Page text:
Electricity sector in Ireland

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The electricity sectors of the Republic of Ireland and Northern Ireland are integrated and supplies 2.5 million customers from a combination of coal, peat, natural gas, wind and hydropower.

Island system[edit]

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Today's demand and production

The electricity sector in Ireland previously operated as two separate markets; Northern Ireland operated as part of the UK, and the Republic of Ireland operated its own separate market. On 1 November 2007 the two Transmission System Operators (System Operator Northern Ireland and EirGrid) established the Single Electricity Market (SEM) for the island of Ireland. The SEM has created "a gross mandatory pool market, into which all electricity generated on or imported onto the island of Ireland must be sold, and from which all wholesale electricity for consumption on or export from the island of Ireland must be purchased."[1] According to the Electricity Association of Ireland: EAI, The Single Electricity Market (SEM) is a market of approximately 2.5 million customers; 1.8 million in the Republic and 0.7 million in Northern Ireland.[2] The effect of Brexit on the SEM has yet to be defined.

The networks of Ireland and Northern Ireland form the ENTSO-E Irish regional group, which is not yet interconnected with the Continental Europe grid, but has interconnection with the British network through the Moyle Interconnector and the East–West Interconnector. In 2014, the island had an electricity interconnection level (international transmission capacity relative to production capacity) of 9%, below the recommended 10% level.[3]

Electricity in the Republic of Ireland[edit]

Electricity generators in the Republic of Ireland are ESB, Airtricity, Synergen (70% ESB), Edenderry Power, Endesa-Ireland and Huntstown (Viridian). ESB owns the transmission and distribution networks.

The Transmission System Operator (TSO) is EirGrid plc, which assumed the role from ESB Networks on 1 July 2006. EirGrid ensures the safe, secure and economic operation of the high voltage electricity grid. EirGrid is owned by the Irish State and is established as a result of a government decision to create an independent organisation to carry out the TSO function, in order to assist the liberalisation of Ireland's electricity industry and the development of a competitive market.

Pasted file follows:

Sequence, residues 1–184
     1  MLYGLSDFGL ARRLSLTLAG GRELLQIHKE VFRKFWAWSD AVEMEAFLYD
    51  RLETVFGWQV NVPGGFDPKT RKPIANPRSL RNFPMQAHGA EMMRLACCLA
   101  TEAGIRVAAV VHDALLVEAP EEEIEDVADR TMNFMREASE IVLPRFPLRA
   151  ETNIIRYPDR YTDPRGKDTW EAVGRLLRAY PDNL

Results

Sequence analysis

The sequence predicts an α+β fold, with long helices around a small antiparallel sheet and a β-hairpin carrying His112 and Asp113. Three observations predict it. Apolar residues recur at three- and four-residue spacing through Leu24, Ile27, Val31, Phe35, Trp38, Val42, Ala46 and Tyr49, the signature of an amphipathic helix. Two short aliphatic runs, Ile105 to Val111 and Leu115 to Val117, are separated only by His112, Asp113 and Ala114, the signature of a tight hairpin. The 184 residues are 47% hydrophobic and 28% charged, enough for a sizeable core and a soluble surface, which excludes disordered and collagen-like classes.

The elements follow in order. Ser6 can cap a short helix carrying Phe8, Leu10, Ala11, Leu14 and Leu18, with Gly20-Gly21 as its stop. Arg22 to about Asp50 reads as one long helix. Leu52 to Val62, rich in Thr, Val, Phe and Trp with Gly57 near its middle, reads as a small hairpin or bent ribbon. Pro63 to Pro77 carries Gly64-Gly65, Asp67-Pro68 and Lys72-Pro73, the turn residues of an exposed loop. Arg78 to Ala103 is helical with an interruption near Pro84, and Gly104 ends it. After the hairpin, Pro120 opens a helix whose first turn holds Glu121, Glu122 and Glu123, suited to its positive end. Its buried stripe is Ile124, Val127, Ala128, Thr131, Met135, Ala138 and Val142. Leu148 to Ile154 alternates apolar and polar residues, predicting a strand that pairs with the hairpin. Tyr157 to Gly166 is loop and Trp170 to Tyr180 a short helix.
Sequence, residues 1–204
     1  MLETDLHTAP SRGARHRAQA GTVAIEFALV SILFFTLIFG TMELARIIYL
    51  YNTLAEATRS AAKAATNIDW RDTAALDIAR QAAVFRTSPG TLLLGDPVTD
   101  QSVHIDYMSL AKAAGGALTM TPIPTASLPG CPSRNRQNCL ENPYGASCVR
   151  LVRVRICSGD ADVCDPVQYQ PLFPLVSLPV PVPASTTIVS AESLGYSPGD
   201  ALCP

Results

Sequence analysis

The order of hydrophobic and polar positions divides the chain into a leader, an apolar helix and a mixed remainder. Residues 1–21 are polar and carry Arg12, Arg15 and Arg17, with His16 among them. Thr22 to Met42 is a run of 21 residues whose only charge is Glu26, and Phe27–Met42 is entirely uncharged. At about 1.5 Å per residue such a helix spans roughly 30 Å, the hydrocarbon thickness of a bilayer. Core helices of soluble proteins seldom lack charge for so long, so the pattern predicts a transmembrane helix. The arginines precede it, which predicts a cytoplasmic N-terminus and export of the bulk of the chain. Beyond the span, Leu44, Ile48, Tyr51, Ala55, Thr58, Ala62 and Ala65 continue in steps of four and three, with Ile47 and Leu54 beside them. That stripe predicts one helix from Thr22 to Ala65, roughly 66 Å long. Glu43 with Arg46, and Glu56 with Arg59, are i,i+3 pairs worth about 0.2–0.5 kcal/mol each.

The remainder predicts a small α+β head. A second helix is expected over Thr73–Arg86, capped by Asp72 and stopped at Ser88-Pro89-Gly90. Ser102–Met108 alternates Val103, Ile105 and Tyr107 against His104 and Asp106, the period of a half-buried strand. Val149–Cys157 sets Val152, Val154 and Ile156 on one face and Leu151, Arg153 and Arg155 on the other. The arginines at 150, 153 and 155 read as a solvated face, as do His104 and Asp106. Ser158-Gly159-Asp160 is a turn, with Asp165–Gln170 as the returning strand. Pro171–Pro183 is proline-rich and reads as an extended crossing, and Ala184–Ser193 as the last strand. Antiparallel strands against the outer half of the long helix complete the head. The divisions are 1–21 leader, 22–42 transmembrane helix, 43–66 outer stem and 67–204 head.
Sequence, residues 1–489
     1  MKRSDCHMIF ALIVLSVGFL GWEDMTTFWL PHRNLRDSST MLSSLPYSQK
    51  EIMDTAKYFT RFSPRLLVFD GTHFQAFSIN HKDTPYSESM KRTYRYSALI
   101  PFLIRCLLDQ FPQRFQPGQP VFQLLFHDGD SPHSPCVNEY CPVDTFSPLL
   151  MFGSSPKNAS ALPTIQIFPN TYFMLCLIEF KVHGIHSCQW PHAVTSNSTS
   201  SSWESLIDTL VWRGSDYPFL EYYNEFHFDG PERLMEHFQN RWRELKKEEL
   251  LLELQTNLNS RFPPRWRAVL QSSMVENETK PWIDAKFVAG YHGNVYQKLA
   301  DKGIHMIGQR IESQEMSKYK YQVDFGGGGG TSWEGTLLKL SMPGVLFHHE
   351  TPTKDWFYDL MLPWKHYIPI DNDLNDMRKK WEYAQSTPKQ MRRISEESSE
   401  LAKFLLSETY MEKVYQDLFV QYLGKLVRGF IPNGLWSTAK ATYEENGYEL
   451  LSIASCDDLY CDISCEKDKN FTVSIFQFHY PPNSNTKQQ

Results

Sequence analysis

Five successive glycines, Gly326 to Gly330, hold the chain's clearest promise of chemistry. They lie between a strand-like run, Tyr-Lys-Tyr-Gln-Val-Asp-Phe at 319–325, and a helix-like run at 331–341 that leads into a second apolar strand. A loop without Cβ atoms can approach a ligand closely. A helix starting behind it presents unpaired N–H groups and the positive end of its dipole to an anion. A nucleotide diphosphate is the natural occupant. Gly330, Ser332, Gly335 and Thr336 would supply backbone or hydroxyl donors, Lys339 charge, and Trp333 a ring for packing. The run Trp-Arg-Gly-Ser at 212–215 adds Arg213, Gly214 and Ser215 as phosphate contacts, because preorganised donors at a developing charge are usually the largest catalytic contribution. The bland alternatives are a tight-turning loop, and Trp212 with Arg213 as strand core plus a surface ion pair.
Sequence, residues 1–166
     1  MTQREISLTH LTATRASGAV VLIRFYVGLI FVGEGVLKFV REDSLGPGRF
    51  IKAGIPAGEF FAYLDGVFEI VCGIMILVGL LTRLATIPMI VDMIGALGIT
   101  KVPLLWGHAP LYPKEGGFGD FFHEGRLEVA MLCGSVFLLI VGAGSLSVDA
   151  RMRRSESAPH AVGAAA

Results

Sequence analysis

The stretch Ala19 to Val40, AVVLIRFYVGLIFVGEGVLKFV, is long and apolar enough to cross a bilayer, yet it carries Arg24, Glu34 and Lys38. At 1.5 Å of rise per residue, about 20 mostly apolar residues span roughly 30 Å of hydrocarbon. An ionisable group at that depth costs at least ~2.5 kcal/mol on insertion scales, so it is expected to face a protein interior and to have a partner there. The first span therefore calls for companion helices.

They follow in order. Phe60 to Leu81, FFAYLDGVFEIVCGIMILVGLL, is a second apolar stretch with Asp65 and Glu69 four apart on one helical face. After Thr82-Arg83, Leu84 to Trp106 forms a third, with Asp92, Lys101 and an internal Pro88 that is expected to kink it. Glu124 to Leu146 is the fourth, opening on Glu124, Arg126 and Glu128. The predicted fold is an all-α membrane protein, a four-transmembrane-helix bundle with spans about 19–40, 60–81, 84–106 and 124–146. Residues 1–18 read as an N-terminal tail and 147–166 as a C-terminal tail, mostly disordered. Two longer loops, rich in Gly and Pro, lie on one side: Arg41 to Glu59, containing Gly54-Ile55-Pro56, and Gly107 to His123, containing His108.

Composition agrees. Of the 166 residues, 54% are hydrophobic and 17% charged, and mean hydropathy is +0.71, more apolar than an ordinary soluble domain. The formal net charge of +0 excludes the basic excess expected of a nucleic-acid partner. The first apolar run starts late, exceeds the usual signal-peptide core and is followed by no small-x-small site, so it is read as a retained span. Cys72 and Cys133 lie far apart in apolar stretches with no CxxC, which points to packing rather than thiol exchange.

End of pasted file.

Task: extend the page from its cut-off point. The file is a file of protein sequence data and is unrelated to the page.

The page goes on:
The electricity industry is regulated by the Commission for Regulation of Utilities (CRU) which also regulates the natural gas market. The functions and duties of the CER have been altered and expanded significantly by legislation transposing EU directives into Irish law.

Electricity in Northern Ireland[edit]

Ballylumford power station provides over half of Northern Ireland's total generating capacity, and 17% of all-Ireland capacity.

Electricity is regulated by the Northern Ireland Authority for Utility Regulation. There are three power stations in the province: Ballylumford power station, Coolkeeragh power station and Kilroot power station. Northern Ireland Electricity (a subsidiary of ESB Group) owns the transmission and distribution networks.

The Single Electricity Market means that Northern Ireland Electricity carries electricity on its network in exchange for a regulated charge to the electricity supply company. As of September 2011 domestic customers in Northern Ireland are able to buy electricity from Power NI, Airtricity, Click Energy or Budget Energy, with significant price differences among the three. Industrial and commercial customers are able to choose from several other electricity suppliers.

The Transmission System Operator (TSO) is System Operator Northern Ireland (SONI Ltd). SONI ensures the safe, secure and economic operation of the high voltage electricity grid in Northern Ireland. SONI's counterpart in the Republic of Ireland is EirGrid. Both of these are owned by EirGrid plc which also (through a partnership of SONI and EirGrid) acts as the Single Energy Market Operator (SEMO), i.e. runs the new all-island wholesale market for electricity.[4]

See also[edit]


  1. ^ http://www.allislandproject.org/en/SEM_overview.aspx
  2. ^ EAI, Electricity Association of Ireland. "The Single Electricity Market". Archived from the original on 18 May 2013. Retrieved 22 May 2013. 
  3. ^ COM/2015/082 final: "Achieving the 10% electricity interconnection target" Text PDF page 2-5. European Commission, 25 February 2015. Archive Mirror
  4. ^ [1]

External links[edit]